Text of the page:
Pop culture obsessives writing for the pop culture obsessed.

Stop Making Sense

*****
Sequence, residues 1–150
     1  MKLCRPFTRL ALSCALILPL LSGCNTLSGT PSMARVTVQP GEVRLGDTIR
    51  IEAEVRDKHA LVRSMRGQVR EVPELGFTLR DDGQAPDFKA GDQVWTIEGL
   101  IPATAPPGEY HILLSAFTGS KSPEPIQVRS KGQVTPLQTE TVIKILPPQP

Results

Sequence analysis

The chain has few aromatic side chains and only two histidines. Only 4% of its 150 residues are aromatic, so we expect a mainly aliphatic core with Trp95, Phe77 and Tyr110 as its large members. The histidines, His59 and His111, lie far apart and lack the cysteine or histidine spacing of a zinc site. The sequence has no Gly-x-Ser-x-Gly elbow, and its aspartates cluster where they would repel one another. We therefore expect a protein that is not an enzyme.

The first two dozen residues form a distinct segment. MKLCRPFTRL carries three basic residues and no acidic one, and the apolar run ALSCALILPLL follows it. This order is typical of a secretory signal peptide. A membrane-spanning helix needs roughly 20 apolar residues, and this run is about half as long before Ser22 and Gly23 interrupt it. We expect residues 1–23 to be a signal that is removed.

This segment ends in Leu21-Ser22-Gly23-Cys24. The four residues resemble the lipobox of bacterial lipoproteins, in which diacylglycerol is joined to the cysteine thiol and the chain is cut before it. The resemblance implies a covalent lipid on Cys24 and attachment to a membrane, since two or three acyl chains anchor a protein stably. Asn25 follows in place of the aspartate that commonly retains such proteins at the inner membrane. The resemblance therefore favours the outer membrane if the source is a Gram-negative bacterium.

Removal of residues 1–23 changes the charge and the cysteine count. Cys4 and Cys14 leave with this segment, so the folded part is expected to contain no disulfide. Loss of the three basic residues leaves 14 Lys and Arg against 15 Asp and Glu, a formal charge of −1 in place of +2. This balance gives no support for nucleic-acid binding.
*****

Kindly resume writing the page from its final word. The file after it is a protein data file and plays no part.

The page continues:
Reissued for its 15th anniversary, Jonathan Demme and Talking Heads' exhilarating Stop Making Sense is unlike any film made before or since (Demme's Storefront Hitchcock excepted), a concert movie that eschews backstage interviews and audience cutaways for the simpler pleasures of watching a band perform at the top of its game. Pop artists both, Demme and Heads frontman David Byrne collaborated on an evolving-stage concept that fuses clever, minimalist performance art with the accumulating narrative force of great cinema. Filmed over three nights at the Hollywood Pantages Theatre, Stop Making Sense opens with a white-suited Byrne, acoustic guitar and cassette player in hand, strolling onto a bare stage appointed only with tape marks and scaffolding. Piping in a simple, synthesized percussion track, he performs "Psycho Killer" with the flailing limbs of a marionette, as if each joint were attached to a separate string. With each song, he's joined by other Talking Heads members, backup singers, and additional musicians (nine in all) while pieces of an increasingly elaborate, visually arresting backdrop are rolled out in kind. By the time the group gets to rousing extended versions of "Girlfriend Is Better" and "Once In A Lifetime," the sonics, choreography, and design concept have grown almost imperceptibly to a joyous aerobic workout with a suggestive slide show right out of The Parallax View. Demme and Blade Runner cinematographer Jordan Cronenweth keep the cameras trained on the stage and capture the performance with such unobtrusive clarity that their skills are rendered invisible. It's a tribute to Demme's generosity that Stop Making Sense is given over completely to Talking Heads, the members of which sound every bit as vital today as they did 15 years ago.


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